As a sales person it would be so nice to enjoy true "follow-the-story" case-oriented software to help keep track of everything I'm working on. I'm not optimistic though, I guess I'll just have to keep relying on listening to customers, learning about needs, making a business case -- and charm.
Clearly case-oriented business process technology is important. And less structured work is important too, as supported by the technology and demanded by business models. (In this context, it's worth underscoring Ian's comment that case can be sub-divided into work which is more structured and work which is less structured.)
But this said, allow me to add two comments:
1) MATHEMATICS OF ACM: We can all agree that case or ACM or DCM is important, but until the mathematics of solving what really are graphs is achieved, in a reasonable amount of time, we are at the mercy of programming. And sometimes today's software works really well, as in it gets you to the 80% or 90% of what you want to do. The only problem is that's the commoditized portion of your work, but a lot of your profit comes from being really good at the hard parts of your work -- the 10% of your work process that is not handled automatically by today's software.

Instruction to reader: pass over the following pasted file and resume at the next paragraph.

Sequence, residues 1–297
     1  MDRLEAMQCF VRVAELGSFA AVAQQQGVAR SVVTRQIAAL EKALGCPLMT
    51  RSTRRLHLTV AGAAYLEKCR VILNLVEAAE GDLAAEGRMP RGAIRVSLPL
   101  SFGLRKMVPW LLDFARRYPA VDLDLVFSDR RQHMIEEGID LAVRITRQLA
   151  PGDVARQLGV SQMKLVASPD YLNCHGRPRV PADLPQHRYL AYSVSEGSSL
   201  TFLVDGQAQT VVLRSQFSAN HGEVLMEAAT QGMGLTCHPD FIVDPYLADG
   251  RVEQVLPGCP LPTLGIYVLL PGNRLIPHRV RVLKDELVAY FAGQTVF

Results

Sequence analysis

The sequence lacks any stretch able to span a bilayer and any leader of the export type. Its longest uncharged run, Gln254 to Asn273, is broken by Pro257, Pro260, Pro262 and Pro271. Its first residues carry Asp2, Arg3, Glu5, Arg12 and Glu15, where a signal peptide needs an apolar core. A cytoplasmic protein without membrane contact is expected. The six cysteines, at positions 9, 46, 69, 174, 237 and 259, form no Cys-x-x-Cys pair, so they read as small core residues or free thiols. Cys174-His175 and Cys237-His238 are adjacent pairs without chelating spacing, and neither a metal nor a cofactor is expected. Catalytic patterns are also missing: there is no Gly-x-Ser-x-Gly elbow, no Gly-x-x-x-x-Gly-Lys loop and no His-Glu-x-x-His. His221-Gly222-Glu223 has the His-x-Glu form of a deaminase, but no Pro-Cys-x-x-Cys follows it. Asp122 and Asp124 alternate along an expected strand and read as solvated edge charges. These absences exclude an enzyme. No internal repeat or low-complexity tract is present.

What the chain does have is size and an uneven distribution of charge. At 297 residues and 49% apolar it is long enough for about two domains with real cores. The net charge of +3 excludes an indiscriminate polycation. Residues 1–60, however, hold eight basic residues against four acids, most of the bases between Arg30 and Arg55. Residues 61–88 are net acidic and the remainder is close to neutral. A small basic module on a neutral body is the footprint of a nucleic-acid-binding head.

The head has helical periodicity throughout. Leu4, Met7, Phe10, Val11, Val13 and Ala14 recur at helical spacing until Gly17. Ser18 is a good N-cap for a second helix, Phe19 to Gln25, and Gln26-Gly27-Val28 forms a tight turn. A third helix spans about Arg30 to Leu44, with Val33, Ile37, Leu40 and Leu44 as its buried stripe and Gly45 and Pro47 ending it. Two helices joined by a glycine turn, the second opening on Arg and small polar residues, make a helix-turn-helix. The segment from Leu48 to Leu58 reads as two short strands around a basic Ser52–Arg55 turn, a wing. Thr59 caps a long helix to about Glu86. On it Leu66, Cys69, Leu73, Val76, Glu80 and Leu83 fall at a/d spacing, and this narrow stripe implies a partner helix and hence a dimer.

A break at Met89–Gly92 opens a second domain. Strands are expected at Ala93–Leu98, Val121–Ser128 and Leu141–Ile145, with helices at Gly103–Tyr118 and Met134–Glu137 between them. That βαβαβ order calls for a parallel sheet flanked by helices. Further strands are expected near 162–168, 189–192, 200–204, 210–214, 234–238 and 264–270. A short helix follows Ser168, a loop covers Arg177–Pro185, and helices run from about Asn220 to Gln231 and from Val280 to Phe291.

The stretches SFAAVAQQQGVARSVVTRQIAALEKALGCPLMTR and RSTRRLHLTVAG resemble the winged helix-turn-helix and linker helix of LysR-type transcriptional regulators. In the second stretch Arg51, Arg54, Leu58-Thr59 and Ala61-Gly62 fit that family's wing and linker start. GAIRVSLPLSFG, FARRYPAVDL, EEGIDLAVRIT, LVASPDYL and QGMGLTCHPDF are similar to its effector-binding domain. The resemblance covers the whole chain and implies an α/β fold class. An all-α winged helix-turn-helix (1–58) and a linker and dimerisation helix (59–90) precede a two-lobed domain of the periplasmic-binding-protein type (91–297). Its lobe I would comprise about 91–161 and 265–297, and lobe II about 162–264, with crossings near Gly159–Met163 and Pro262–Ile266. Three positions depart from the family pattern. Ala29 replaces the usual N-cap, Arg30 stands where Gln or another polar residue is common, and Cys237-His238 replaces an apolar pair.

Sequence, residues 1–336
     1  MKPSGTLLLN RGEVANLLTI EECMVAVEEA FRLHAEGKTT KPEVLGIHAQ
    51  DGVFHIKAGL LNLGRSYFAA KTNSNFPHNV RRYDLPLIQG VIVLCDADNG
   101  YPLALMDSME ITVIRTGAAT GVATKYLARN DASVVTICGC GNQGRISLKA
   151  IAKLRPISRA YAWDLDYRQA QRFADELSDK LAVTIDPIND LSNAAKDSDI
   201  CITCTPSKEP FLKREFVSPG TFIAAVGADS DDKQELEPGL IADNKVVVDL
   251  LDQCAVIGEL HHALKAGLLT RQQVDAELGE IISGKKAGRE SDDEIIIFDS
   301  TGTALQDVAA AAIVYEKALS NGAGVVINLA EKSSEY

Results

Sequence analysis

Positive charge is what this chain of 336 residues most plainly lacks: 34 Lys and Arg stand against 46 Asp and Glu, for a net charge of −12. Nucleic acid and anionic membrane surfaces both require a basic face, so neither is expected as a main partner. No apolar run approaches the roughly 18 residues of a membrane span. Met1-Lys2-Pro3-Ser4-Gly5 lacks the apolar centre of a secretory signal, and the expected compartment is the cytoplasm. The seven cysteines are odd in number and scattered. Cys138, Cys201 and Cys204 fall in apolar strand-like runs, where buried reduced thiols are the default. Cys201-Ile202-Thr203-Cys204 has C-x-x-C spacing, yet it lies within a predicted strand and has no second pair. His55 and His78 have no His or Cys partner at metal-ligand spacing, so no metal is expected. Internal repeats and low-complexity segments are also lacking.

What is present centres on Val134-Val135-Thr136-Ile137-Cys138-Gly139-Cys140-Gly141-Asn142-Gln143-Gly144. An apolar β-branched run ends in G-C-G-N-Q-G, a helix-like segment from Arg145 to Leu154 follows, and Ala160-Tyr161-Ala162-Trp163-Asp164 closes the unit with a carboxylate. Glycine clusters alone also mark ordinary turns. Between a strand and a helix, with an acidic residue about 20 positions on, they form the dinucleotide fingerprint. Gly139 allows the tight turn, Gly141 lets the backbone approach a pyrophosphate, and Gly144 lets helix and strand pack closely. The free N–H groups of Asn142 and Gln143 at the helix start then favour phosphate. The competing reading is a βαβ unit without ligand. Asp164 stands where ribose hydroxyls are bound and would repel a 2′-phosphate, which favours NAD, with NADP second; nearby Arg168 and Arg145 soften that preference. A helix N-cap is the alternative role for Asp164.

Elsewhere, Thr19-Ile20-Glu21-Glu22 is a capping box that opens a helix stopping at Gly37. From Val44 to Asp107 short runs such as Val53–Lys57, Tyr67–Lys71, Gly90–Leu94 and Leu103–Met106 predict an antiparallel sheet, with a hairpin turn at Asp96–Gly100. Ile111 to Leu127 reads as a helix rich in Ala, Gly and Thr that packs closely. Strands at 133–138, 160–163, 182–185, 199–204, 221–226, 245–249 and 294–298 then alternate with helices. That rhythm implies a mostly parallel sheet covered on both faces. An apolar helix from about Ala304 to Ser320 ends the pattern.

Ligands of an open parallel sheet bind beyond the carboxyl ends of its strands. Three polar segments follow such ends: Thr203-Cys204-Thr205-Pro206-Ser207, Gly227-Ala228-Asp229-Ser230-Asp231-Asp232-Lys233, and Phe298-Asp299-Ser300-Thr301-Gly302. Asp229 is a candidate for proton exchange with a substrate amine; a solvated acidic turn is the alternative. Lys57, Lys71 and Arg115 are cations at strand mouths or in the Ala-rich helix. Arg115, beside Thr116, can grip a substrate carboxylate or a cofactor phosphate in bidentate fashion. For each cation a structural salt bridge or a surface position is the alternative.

2) ECONOMICS OF ACM: We had a bit of this discussion when Mr. Swenson organized a little while ago a good definition of BPM. The discussion was around the question of "repeatability", where a minority of participants were of the view that BPM necessarily implied repeatability. Without getting into semantics too deeply (i.e. distinguishing between BPM-as-technology and BPM-as-management practice), the argument is that from an economic point of view, organizations exist at the size they do, to optimize transaction and coordination costs. This is the Coasean economic view of organizational size. And from this view (and even from common sense as well) an organization is built around doing things repeatedly, and getting very good at that. So along comes mass customization and all kinds of disruptive business models and the claim is made that we don't have mass production any more and that everything is now unstructured. But of course one of the disruptions is business process outsourcing -- which is predicated on specialization. And doing things repeatedly, really well.
So, from the original question, business models for most economic entities will be mostly built around structured or semi-structured work, out of necessity. And insofar as there are other kinds of work, we're all in the same boat and not much can be done until the math is figured out. So the key to being successful is having a business model that makes sense, and doing your best with software that is not ideal.